|Glaucomys volans (Linnaeus)|
Southern Flying Squirrel
Don Linzey & Christy Brecht
Wytheville Community College
Wytheville, Virginia 24382
Last updated: 26 November, 2005
- Adult total length:
8 - 10 1/2 in. (200 - 265 mm)
3 3/8 - 4 1/2 in. (85 - 115 mm)
- Hind foot:
1 1/4 - 1 3/8 in. (30 - 32 mm)
1 1/2 - 3 1/2 oz. (45 - 98 g)
Southern flying squirrels are small tree squirrels with large
eyes and a broad, flattened, well-furred tail. The brownish
dorsal pelage is fine, soft, and dense. The hairs of the
underparts are whitish or cream to their base in contrast to
the hairs of the northern flying squirrel in which the basal
portion of the hair is gray. A loose fold of furred skin
connects the front and hind limbs from the wrists to the ankles.
These squirrels cannot fly. Rather, they glide from a higher
perch to a lower one. In doing so, they spread their legs, thus
drawing taut the loose skin running along each side of the body.
The membranes support the squirrel as it glides in somewhat the
same fashion as a parachute. The tail acts as a rudder. By
varying the tension on their membranes and by altering the
position of their tail, flying squirrels can control their
direction and speed to some extent. They always land in a head-up
position on the trunk of a tree.
left lateral view of
skull and mandible
dorsal view of skull
ventral view of skull
The southern flying squirrel inhabits the forests of the eastern United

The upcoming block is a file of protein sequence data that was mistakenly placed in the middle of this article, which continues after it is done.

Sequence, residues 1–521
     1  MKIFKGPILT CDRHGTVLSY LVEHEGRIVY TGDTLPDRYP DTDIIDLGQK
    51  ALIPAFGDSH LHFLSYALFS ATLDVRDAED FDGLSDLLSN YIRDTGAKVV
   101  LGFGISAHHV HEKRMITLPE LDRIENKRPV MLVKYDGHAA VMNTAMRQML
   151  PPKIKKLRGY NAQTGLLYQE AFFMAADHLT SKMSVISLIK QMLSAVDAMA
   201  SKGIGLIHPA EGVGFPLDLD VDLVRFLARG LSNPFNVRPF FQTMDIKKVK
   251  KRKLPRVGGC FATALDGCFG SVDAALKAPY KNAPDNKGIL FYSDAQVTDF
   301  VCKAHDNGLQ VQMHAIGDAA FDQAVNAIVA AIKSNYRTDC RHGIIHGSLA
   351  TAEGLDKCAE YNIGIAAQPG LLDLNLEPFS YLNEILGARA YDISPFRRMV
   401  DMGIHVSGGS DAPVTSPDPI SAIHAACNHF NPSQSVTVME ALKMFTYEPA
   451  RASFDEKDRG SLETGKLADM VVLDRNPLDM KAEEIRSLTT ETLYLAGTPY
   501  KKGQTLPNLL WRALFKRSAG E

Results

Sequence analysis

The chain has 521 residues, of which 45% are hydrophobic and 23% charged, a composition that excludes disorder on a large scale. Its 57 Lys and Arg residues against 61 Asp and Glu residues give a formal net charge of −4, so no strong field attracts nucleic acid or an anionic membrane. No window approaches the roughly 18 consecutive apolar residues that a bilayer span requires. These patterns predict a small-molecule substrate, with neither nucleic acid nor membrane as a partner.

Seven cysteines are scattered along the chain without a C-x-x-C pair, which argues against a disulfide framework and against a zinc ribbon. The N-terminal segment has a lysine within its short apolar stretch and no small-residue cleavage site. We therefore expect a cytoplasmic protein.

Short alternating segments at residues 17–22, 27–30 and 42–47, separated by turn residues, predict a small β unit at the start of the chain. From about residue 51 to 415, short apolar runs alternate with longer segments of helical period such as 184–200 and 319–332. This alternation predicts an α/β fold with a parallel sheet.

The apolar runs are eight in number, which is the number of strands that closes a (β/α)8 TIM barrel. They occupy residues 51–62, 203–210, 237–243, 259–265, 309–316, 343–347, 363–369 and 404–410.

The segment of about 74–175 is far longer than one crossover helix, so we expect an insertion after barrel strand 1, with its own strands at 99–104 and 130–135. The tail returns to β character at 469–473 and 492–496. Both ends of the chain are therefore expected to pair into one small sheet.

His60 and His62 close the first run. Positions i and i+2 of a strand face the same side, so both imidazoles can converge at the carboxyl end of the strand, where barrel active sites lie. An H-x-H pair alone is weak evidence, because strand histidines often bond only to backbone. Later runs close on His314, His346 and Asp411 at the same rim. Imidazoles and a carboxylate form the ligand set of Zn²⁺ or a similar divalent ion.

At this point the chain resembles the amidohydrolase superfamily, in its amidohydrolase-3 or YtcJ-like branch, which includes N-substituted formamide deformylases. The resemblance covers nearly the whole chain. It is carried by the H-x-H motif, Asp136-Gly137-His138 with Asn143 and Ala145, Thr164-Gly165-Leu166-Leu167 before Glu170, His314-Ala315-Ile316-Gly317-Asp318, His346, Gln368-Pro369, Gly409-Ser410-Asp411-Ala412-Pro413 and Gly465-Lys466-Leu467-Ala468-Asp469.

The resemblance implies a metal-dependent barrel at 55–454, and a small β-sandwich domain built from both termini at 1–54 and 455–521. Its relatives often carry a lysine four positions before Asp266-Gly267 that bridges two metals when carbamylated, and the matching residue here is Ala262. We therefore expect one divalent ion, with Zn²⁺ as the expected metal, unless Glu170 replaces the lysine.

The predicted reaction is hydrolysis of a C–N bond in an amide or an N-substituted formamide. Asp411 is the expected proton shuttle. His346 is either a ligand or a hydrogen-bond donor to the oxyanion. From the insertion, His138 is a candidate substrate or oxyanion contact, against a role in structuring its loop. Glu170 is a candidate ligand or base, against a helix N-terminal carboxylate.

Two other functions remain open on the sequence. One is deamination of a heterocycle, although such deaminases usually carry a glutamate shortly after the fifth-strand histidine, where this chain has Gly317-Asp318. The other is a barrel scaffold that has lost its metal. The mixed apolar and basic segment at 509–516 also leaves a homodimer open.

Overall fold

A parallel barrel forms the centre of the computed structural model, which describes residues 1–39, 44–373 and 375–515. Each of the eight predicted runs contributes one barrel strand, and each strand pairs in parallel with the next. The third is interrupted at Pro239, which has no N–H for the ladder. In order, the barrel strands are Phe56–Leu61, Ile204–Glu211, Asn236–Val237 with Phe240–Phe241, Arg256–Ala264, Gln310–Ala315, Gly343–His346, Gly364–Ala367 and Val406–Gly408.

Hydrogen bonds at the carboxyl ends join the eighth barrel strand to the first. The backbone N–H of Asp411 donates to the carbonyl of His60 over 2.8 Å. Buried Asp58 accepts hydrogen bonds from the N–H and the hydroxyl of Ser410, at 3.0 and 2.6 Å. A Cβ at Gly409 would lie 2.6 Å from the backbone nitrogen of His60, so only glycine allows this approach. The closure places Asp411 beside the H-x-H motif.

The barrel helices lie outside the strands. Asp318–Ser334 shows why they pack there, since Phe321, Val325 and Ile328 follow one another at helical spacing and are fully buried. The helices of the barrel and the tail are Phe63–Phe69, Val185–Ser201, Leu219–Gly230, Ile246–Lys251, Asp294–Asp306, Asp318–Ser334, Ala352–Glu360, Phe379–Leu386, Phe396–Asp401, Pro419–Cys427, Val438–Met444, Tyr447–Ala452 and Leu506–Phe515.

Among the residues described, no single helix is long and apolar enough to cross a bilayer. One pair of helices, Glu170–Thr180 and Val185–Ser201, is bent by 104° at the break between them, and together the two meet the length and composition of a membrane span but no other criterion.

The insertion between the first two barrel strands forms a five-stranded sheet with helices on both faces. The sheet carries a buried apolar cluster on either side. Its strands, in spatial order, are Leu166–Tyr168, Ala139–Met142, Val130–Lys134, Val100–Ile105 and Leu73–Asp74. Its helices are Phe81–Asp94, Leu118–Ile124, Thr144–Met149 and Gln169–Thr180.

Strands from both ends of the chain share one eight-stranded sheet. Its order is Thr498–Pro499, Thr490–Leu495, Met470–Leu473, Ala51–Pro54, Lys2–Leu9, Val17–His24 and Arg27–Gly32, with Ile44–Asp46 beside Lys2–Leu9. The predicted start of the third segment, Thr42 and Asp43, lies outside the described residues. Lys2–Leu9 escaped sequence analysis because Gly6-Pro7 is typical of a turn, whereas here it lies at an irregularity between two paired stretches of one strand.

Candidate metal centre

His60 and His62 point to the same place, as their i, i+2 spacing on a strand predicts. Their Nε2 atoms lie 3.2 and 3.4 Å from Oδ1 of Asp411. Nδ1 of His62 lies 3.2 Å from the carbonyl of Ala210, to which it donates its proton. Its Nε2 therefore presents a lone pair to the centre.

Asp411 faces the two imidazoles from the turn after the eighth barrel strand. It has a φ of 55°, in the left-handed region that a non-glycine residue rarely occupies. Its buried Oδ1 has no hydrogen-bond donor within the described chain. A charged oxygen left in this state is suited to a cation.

States north to New Brunswick and Nova Scotia and west to the Great Plains.
||Mice, rats, hamsters, etc.
||Woodchucks, Chipmunks, and Squirrels
Southern flying squirrels prefer areas with large deciduous trees, although
they have also been taken in mixed deciduous-pine woodlands. They usually
nest in tree cavities, but may occasionally build a leaf nest in the fork of
a tree limb or move into a bird house or the attic of a home.
Great Smoky Mountains National Park:
This species is a common resident in areas of the park with
large deciduous trees, although some individuals have also
been taken in mixed deciduous-pine woodlands. Squirrels have
been recorded at elevations ranging from approximately 1,500
feet to 4,700 feet.
- Blount Co.:
Abrams Branch; Cades Cove (1,800 feet).
- Cocke Co.:
Snake Den Mountain (4,700 feet).
- Sevier Co.:
Buena Vista along Foothills Parkway (1,500
feet - 1,600 feet); Greenbrier (2,500 feet);
- Haywood Co.: